Tertullian, in Against Praxeas, says, “I know that monarchy indicates neither more nor less than a single and sole empire!”  The Father shares His kingdom with His Son and Spirit, administering His kingdom, through the hosts of angels, the armies of the Lord.  This kingdom, this heavenly empire is eternal.  Even Nebuchadnezzar was humbled, and confessed, “At the end of the days I, Nebuchadnezzar, lifted my eyes to heaven, and my reason returned to me, and I blessed the Most High, and praised and honoured him who lives forever, for his dominion is an everlasting dominion, and his kingdom endures from generation to generation;  all the inhabitants of the earth are accounted as nothing, and he does according to his will among the host of heaven and among the inhabitants of the earth; and none can stay his hand or say to him, "What have you done?" (Daniel 4:34-35).  

In his lectures on St. Cyril, Bishop James Stanton remarks, “The heading of this lecture in Greek is not really about the “unity” of God, but God’s monarchia, God’s singular, sovereign rule. This word was very important to the early Christians.  There is nothing mightier than God, and nothing challenges Him. Though He may be described with various terms – good, just, etc. – there is no variation in Him.  He is all of these things at once. He is perfect in power, wisdom, knowledge and love.  “He foreknows the things that be; He is holy, almighty, and excels in all goodness, majesty and wisdom.” He exceeds every being in everything. In a word, God is transcendent. Quoting Moses, Cyril asserts that there is nothing like God.  It is this utter uniqueness and transcendence of God that compels and impels Christians.”  (James Stanton: The Catechetical Lectures of St. Cyril).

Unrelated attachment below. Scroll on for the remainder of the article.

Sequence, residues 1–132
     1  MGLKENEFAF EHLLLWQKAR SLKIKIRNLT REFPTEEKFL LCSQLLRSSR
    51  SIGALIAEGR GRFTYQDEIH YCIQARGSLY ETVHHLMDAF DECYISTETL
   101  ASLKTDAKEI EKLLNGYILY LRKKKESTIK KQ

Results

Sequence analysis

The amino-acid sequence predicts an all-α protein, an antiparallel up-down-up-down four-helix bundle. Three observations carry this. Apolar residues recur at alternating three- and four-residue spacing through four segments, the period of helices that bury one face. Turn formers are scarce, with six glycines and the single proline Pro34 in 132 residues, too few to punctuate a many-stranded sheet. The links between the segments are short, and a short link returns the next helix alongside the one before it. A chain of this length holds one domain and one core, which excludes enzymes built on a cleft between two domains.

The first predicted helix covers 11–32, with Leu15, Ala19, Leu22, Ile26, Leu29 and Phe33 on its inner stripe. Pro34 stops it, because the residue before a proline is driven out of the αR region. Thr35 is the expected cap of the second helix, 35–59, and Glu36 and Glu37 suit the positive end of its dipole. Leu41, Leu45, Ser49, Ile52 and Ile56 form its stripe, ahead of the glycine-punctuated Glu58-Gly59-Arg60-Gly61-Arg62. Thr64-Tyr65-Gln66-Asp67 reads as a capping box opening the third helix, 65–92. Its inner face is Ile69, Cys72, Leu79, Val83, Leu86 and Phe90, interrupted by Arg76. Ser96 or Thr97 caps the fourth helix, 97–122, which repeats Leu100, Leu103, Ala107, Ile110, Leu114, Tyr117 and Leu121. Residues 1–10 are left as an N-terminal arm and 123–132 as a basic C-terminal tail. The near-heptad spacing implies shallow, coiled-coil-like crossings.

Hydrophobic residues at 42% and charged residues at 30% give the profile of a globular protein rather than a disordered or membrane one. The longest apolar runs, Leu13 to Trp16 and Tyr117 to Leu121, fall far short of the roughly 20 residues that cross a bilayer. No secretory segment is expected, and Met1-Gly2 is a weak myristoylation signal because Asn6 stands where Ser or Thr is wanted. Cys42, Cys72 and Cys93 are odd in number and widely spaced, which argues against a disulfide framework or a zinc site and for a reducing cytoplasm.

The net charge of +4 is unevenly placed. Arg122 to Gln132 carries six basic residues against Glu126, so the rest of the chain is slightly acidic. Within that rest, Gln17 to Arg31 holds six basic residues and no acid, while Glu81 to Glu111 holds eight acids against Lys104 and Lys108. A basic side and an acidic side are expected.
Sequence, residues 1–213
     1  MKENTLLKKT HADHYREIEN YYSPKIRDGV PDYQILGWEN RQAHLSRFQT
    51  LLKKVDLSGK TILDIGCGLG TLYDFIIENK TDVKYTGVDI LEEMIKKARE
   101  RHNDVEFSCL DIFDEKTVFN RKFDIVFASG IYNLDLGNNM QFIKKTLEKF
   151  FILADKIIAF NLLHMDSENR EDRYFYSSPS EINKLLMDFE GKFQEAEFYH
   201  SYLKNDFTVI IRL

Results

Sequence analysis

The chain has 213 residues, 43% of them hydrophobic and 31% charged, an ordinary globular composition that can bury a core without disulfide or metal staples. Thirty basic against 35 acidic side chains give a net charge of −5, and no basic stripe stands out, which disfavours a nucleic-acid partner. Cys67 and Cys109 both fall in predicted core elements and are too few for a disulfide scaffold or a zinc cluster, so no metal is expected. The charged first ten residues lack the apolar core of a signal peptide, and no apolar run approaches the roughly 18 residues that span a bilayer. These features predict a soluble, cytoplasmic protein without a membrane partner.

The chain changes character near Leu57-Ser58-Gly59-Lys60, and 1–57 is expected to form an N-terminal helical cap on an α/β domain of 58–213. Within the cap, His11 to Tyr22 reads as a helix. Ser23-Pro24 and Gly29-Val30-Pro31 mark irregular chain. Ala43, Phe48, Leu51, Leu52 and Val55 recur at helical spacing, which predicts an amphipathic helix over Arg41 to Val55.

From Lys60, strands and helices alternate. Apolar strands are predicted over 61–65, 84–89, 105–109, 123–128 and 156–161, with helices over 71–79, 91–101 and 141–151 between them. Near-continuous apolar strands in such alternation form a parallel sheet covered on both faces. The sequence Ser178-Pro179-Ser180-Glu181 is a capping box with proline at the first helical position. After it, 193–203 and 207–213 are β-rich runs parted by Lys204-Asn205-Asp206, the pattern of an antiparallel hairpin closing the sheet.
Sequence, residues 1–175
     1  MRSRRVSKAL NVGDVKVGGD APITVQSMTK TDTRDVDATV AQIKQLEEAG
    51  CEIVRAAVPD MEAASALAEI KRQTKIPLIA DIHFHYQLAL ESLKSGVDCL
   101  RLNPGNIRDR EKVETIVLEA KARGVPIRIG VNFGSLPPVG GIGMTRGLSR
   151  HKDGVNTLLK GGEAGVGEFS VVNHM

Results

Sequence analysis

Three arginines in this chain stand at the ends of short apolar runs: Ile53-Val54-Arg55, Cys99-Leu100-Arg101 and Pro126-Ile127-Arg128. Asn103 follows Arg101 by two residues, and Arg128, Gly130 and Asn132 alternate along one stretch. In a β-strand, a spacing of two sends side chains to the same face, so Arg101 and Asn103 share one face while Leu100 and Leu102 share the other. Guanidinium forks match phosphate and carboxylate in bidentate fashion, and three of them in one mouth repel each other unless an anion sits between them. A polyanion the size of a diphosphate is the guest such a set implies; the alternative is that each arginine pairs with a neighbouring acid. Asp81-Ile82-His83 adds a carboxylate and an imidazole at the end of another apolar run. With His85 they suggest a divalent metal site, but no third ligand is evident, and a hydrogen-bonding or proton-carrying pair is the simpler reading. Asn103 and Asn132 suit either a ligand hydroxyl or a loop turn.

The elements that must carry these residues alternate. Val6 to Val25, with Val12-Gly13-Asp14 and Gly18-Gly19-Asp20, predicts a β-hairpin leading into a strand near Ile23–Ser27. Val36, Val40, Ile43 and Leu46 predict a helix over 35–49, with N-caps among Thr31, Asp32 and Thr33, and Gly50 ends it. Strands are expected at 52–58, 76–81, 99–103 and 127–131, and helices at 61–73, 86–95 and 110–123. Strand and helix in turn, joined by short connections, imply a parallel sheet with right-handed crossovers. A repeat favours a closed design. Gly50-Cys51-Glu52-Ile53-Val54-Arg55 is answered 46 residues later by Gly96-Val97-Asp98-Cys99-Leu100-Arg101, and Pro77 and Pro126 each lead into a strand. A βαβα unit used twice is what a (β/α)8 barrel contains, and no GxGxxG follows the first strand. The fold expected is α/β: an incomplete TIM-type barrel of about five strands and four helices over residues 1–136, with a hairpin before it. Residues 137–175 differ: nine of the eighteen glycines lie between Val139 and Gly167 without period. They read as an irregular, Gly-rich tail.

The 17th Century French Bishop, Jacques Bousset unfolds the absolute power of the monarch, “The royal power is absolute. The prince need render account of his acts to no one. "I counsel thee to keep the king's commandment, and that in regard of the oath of God. Be not hasty to go out of his sight: stand not on an evil thing for he does whatsoever pleases him. Where the word of a king is, there is power: and who may say unto him, What do you do?  Whoever keeps the royal commandment shall feel no evil thing." … I do not call majesty that pomp which surrounds kings or that exterior magnificence which dazzles the vulgar. That is but the reflection of majesty and not majesty itself. Majesty is the image of the grandeur of God in the prince. The power of God makes itself felt in a moment from one extremity of the earth to another. Royal power works at the same time throughout all the realm. It holds all the realm in position, as God holds the earth. Should God withdraw his hand, the earth would fall to pieces; should the king's authority cease in the realm, all would be in confusion” (J.H. Robinson, ed. Readings in European History 2 vols. (Boston: Ginn, 1906), 2:273-277).

That Sovereignty is given by the Father to the Son, “I saw in the night visions, and behold, with the clouds of heaven there came one like a son of man, and he came to the Ancient of Days and was presented before him.  14 And to him was given dominion and glory and a kingdom, that all peoples, nations, and languages should serve him; his dominion is an everlasting dominion, which shall not pass away, and his kingdom one that shall not be destroyed”  (Daniel 7:13-14).

In His birth of a Virgin, he who comes as a child comes as the King of Kings and Lord of Lords. “For to us a child is born, to us a son is given; and the government shall be upon(1 )his shoulder, and his name shall be called Wonderful Counselor, Mighty God, Everlasting Father, Prince of Peace.  Of the increase of his government and of peace there will be no end, on the throne of David and over his kingdom, to establish it and to uphold it with justice and with righteousness from this time forth and forevermore. The zeal of the LORD of hosts will do this” (Isaiah 9:6-7).